I began raising chickens for eggs and meat in 2014. By 2019, I had developed a routine of what I ordered when. I had a set time of year for when I would order chicks. In 2020, when I set out to order my late-summer batch of birds, I realized I would have to wait more than a month later than usual. Every hatchery I looked at had sold out.
When I went to our local hardware store to talk to the employees about their chick sales, they confirmed what the New York Times had written in the article America Stress-Bought All the Baby Chickens. People were snatching up chicks as fast as they could in the midst of lockdown. They turned to baby chicks last year for the same reasons they turned to gardening and home cooking. A combination of boredom, irregular stocking of grocery stores, and the need for activities to keep children busy led to massive amounts of people buying baby chicks.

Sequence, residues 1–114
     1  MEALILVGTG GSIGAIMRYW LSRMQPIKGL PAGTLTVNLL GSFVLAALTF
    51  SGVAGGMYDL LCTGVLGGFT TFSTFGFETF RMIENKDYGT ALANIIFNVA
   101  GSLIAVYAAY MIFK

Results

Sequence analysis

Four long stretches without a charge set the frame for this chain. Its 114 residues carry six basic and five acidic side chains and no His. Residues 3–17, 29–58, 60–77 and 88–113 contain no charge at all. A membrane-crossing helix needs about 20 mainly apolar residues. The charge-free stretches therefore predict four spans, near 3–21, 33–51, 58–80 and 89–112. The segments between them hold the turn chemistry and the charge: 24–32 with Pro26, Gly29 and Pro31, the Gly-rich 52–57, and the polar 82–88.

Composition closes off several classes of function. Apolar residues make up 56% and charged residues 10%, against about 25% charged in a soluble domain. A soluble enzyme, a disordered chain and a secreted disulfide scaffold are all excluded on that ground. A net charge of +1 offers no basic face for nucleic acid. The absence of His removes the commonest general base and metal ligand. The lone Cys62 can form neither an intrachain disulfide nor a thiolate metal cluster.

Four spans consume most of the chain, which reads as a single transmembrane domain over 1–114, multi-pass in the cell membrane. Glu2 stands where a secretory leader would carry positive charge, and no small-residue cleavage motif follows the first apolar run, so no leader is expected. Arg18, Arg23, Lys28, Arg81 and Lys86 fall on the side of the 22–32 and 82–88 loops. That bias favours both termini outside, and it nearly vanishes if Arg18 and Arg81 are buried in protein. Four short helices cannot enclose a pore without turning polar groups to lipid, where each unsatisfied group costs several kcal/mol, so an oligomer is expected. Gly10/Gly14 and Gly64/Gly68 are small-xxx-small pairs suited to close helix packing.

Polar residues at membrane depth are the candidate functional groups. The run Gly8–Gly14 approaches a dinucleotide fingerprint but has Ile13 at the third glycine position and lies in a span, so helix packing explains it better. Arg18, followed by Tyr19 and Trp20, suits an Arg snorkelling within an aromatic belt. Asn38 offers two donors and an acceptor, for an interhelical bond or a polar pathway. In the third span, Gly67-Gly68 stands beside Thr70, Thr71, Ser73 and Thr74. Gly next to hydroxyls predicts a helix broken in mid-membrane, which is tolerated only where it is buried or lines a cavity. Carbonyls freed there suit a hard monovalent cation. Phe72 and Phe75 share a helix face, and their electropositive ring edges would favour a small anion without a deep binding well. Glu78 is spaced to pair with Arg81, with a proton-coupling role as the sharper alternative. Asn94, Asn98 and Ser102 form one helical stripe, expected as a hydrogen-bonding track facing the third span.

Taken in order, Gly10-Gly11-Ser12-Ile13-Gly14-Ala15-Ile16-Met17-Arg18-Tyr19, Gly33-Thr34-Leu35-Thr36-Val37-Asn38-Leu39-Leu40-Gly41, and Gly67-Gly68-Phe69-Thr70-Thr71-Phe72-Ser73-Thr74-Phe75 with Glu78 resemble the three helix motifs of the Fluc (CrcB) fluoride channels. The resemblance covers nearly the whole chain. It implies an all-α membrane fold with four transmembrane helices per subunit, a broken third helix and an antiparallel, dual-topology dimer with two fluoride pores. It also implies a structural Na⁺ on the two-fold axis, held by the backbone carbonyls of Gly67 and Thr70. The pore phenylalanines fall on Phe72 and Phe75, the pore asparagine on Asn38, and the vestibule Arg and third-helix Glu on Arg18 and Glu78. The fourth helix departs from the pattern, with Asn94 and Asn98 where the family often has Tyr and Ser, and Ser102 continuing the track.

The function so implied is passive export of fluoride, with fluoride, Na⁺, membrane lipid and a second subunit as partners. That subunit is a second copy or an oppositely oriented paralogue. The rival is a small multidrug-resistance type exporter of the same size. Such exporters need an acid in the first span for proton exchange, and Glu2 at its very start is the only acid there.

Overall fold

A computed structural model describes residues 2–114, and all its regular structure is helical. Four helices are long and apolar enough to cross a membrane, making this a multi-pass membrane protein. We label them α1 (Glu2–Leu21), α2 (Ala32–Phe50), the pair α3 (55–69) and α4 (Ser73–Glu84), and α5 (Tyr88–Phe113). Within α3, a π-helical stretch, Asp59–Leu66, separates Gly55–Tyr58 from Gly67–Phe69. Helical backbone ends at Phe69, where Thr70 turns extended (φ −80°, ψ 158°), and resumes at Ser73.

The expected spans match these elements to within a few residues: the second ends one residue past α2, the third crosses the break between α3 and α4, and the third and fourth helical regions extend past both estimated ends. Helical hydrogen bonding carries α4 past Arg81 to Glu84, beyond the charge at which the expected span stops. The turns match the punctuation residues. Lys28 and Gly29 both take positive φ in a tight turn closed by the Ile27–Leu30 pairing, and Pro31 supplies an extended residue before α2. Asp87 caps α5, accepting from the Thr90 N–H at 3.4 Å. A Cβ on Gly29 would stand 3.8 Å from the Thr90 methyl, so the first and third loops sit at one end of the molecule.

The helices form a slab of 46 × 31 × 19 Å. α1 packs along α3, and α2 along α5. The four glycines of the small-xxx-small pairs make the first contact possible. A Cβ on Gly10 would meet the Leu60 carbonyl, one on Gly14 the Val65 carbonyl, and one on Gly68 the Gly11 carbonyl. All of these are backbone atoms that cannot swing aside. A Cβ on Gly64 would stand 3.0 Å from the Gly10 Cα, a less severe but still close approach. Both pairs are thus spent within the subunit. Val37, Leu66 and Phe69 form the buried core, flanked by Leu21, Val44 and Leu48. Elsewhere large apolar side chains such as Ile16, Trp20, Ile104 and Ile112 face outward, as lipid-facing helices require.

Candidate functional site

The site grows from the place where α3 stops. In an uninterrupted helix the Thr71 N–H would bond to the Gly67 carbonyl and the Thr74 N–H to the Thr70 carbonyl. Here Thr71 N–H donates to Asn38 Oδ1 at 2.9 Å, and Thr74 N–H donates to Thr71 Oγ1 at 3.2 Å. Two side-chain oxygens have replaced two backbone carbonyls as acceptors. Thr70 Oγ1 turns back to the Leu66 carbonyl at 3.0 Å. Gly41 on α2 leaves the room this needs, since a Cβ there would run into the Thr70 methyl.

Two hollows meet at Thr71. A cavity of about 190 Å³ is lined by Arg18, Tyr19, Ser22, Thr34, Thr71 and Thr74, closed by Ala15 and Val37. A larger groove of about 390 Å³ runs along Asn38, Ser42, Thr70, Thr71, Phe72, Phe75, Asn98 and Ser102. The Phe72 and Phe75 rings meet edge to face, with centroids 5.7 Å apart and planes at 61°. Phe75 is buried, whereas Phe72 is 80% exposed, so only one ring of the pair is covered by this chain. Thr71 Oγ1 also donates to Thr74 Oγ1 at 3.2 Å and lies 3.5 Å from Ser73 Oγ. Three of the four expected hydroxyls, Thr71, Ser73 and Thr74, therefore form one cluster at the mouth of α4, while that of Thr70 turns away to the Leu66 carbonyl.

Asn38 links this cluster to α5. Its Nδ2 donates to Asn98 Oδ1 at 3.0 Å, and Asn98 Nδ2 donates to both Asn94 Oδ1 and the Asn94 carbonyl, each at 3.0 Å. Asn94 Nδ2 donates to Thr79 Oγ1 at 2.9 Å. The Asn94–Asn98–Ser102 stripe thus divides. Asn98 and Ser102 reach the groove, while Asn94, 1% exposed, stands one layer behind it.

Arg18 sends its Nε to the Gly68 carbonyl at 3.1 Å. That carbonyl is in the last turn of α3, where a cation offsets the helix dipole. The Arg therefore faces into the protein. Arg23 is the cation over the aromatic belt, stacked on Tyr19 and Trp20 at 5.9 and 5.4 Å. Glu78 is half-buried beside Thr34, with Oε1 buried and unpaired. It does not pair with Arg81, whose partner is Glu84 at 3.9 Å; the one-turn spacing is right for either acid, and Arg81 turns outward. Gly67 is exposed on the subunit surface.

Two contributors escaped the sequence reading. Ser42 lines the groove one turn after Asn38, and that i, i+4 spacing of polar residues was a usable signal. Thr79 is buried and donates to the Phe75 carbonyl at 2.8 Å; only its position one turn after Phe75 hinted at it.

While in general, I think any project that brings people closer to the natural world is a good thing, chickens are a responsibility. I am concerned about how many people bought baby birds without doing the necessary research.
Are you interested in starting your own little home flock?
If you are considering raising chickens, here are some things worth keeping in mind. For a good overview of maintaining healthy birds in general, I strongly recommend Gail Damerow's Chicken Health Handbook. She has useful, detailed information on bird health and some handy charts that can help troubleshoot various issues. It's a great resource to have on hand.